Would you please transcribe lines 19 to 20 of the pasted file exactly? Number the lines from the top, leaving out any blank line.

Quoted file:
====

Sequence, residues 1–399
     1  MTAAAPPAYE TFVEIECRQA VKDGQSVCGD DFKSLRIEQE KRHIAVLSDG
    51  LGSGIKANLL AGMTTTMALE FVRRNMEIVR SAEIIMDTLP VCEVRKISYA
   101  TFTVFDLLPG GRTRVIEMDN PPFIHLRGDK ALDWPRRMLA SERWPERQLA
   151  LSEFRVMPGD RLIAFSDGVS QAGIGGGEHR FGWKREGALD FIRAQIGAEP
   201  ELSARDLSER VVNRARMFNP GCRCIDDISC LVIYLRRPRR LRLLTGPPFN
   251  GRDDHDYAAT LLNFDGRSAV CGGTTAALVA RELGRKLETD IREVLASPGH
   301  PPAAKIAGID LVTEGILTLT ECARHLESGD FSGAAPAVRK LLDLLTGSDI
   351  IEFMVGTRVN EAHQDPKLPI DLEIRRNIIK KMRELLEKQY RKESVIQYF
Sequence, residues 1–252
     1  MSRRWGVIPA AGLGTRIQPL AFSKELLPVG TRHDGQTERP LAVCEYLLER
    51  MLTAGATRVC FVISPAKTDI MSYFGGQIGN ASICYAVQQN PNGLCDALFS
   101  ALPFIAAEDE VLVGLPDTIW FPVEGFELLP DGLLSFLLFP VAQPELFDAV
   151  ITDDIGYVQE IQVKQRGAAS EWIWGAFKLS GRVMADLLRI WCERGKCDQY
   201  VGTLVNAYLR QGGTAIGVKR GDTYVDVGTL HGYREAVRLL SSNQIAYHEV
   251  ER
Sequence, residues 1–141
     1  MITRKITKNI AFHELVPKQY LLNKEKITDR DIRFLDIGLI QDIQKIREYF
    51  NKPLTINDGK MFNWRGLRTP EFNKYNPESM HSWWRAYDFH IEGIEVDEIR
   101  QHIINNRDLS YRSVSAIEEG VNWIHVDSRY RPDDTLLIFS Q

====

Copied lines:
    51  NKPLTINDGK MFNWRGLRTP EFNKYNPESM HSWWRAYDFH IEGIEVDEIR
   101  QHIINNRDLS YRSVSAIEEG VNWIHVDSRY RPDDTLLIFS Q